What is Self-Managed Abortion?
Any conversation we have about reproductive health, reproductive freedom, bodily autonomy, or abortion should include detailed discussions of all of the available options on how abortion care can be accessed-- and that includes self-managed abortion. Self-managed abortion is not a new concept, but it has been historically accessed in unsafe and secretive ways. With the current administration’s constant attacks on reproductive health and rights, as well as the shifting of the Supreme Court with the confirmation of Brett Kavanaugh, abortion rights are being undermined and many fear the return of unsafe, self-managed abortion methods. Megan Donovan with the Guttmacher Institute talks to us about the evolving ways in which self-managed abortion is becoming a more easily accessible, safe, and effective option.
Safe and legal abortion in the United States doesn’t solely take place under the ceilings of medical centers and reproductive health clinics. In fact, there are a variety of ways in which people may self-manage their own abortion. Medication abortion, first approved by the FDA in 2000, consists of the medications mifepristone and misoprostol. Taking these medications while not under the direct supervision of a medical provider is considered self-managed abortion.
There are many, currently-existing barriers to a fully supported, self-managed model of care. Barriers to medication abortion generally include risk evaluation and mitigation strategies, (REMS) which are a set of restrictions imposed on mifepristone by the FDA. REMS are a tool used by the FDA to ensure that the benefits of taking a drug outweigh the risks. Given its extensive safety profile, mifepristone don’t belong alongside drugs typically subject to REMS. There are also state-level restrictions on medication abortion, as well. 34 states limit the provision of medication abortion to physicians, despite recommendations from WHO and NAF that other practitioners can safely administer medication abortion. 19 states require those providing the medication abortion to be physically present.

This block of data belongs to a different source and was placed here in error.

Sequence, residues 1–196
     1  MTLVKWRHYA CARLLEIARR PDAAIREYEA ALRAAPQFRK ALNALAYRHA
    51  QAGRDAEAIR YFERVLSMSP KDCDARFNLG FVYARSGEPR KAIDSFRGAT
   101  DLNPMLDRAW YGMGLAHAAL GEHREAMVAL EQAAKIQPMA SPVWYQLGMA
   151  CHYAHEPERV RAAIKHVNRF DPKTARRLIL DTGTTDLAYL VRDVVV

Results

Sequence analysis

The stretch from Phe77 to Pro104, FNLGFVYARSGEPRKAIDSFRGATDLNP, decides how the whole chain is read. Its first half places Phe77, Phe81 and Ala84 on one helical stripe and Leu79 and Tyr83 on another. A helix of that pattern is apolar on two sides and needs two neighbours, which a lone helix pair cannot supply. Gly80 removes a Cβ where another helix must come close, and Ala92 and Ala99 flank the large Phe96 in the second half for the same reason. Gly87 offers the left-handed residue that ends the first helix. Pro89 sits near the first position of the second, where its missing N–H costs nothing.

There are also a number of barriers to achieving the environment in which self-managed abortion is fully supported, accessible, and available to everyone. Stigma and fear often prevent people from accessing medication abortion. Providing education and information on medication abortion can de-mystify and create new options for those seeking care. Going one step farther and making medication abortion available over-the-counter would allow people to access the medication they need directly, rather than needing a provider to write a prescription. Over-the-counter status wouldn’t come without its own barriers, though, including affordability and the possibility of religious refusals.
No one should be punished for seeking to terminate a pregnancy, but there are a variety of state laws that have been used to punish people who have been suspected of seeking to self-manage their own abortion. Seeking to education legislators and defy harmful state laws could help lower trends of criminalization.
Facilitating access to self-managed medication abortion is really about ensuring that people have access to a full range of safe and effective methods of abortion care. Self-managed abortion provides another option for people as we increasingly face restrictions against abortion care.
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